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Up in Smoke: Wildfires Impact Human Health and Squeeze the Carbon Budget


By Dr. Dinah A. Koehler  |  July 25, 2023

In our house we have a new appliance: the HEPA air filter. Besides removing tiny airborne particles, it even tells us when to go to bed and switches to sleep mode with a gentle purr. Carefully monitored by my scientist husband, we compare outdoor and indoor air quality.

On June 6, the EPA's Air Quality Index (AQI in New York hit 272, considered “very unhealthy,” and New Yorkers were encouraged to wear masks outdoors. Two days later, the AQI soared to 900, unheard of territory.

Many of us on the East Coast found ourselves coughing, eyes stinging, and headachy. ER visits related to asthma reached an all-time high. Everyone shared pictures of a blood-orange sun in a greyish-pink sky, and the smell could at times be intense. Generally the mood was dour.

The winds finally shifted, but we on the East Coast now have an intimate appreciation of what our brethren in other Canada-adjacent regions of the US have experienced.

Why worry?

The latest science notes that even small amounts of air pollution can harm your health. For example, two hours exposure to common levels of urban air pollution from vehicles measurably impairs memory and attention. Just like air pollution from burning coal for electricity or burning gasoline to power cars, tiny particles (PM 2.5) in smoke can penetrate deep into lungs and enter bloodstreams to cause problems.

People of all ages are at risk of lung damage—especially those with asthma or cardiovascular disease, pregnant women, young children, and older individuals are at elevated risk. Indeed, young children (0-5 years) visit the ER 10 times more often after exposure to wildfire smoke compared with other air pollution.

The long-term effects of exposure to air pollution can reduce life expectancy. On average around the world, humans lose almost two years of life. Globally, one in five deaths is associated with pollution from fossil fuel combustion, totaling about 9 million people per year. About 5.5 billion people (75% of humanity) live in high air-pollution areas, with most associated deaths in India and China primarily due to heart attacks and strokes.


Wildfires Also Pressure Carbon Levels

We can expect additional implications as wildfires become more frequent and persistent. Along with other sources of air pollution, wildfires generate a lot of carbon dioxide (CO2), the force behind global warming.

Since May, Canadian wildfires released an estimated 600 million metrics tons of carbon dioxide—equivalent to 88 % of total Canadian CO2 emissions in 2021, according to the Copernicus Atmosphere Monitoring Service (CAMS). At this point wildfires are the largest source of CO2 emissions in Canada.

Scientists confirm that fires have become more common over the past 20 years and are burning hotter. The severity of fires and the length of the fire season are also rising fast. For example:

  • The 2020 wildfire season in California wiped out two decades of efforts to reduce CO2 emissions associated with fossil fuel combustion.

  • In 2021, one of the worst years for wildfires, forests equivalent to the size of Belgium were destroyed.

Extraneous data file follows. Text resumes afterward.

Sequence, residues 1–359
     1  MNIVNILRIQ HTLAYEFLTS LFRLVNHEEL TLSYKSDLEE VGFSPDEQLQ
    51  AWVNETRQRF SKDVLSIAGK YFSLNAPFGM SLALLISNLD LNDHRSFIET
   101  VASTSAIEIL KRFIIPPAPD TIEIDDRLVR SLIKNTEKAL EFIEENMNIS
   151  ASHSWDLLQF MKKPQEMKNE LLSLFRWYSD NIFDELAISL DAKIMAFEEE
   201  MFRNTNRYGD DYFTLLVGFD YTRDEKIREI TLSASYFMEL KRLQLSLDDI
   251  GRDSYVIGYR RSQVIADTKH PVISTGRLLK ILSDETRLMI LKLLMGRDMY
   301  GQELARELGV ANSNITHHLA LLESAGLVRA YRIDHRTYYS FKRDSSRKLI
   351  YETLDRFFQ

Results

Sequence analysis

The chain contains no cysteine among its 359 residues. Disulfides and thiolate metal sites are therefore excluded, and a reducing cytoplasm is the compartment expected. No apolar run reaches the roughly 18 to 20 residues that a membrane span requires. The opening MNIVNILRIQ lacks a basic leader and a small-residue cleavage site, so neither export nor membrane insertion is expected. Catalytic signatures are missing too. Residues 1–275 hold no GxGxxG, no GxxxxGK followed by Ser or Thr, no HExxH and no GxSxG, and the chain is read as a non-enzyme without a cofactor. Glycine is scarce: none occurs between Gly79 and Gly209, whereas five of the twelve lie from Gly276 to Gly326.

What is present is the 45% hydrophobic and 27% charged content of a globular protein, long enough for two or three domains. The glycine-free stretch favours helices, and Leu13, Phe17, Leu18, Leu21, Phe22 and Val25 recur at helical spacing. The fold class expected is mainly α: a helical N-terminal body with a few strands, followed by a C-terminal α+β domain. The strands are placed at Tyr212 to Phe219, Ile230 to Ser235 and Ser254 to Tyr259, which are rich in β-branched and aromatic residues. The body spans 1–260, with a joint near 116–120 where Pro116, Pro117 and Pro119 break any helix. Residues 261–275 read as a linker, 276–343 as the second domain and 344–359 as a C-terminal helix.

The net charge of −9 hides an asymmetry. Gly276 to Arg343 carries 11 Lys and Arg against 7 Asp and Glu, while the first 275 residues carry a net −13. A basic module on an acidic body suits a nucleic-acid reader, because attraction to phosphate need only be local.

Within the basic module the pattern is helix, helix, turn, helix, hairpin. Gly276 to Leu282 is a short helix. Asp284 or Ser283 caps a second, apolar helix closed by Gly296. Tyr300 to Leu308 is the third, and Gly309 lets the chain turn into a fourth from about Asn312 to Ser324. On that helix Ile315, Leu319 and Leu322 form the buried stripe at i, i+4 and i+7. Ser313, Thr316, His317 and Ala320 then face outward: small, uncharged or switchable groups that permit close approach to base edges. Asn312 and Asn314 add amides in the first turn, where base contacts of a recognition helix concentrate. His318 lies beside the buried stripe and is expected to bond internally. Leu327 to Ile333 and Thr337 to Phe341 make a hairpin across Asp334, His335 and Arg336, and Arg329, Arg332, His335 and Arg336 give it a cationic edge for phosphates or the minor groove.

Most fires are in the boreal region of North America and Eurasia. Boreal forests store approximately twice as much carbon compared with tropical forests such as the Amazon. According to Steven Davis, UCI professor of Earth system science, “About 80 percent of these CO2 emissions will be recovered through vegetation regrowth, but 20 percent are lost to the atmosphere in an almost irreversible way, so humans are going to have to find some way to remove that carbon from the air or substantially cut our own production of atmospheric carbon dioxide.” 

We have reached the stage where ecosystem feedback loops due to climate change—when changes in one area “feed back” to either amplify or diminish the source—present material risks for our ability to stay within the 1.5 degrees-aligned carbon budget.


This blog post is for informational purposes only. The information contained in this blog post is not legal, tax, or investment advice. FactSet does not endorse or recommend any investments and assumes no liability for any consequence relating directly or indirectly to any action or inaction taken based on the information contained in this article.

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Dr. Dinah A. Koehler

Vice President, Head of ESG Research, FactSet

Dr. Dinah A. Koehler is Vice President, Head of ESG Research at FactSet. In this role, she is responsible for research on cutting edge ESG topics and thought leadership. Prior to FactSet, she has worked 25+ years in corporate sustainability, including at corporations (Baxter, Tetra Pak), US EPA in the Office of Research & Development, Wharton/UPenn, The Conference Board, Deloitte, and the Global Sustainable Equities Team at UBS Asset Management. She specializes in environmental risk analysis, regulatory data, life cycle assessment, and impact measurement. She is a seasoned speaker and has published in peer reviewed journals, books, and industry publications. Dr. Koehler earned her Science Doctorate at Harvard School of Public Health, a Masters from The Fletcher School at Tufts University, and a BA from Wellesley College.


The information contained in this article is not investment advice. FactSet does not endorse or recommend any investments and assumes no liability for any consequence relating directly or indirectly to any action or inaction taken based on the information contained in this article.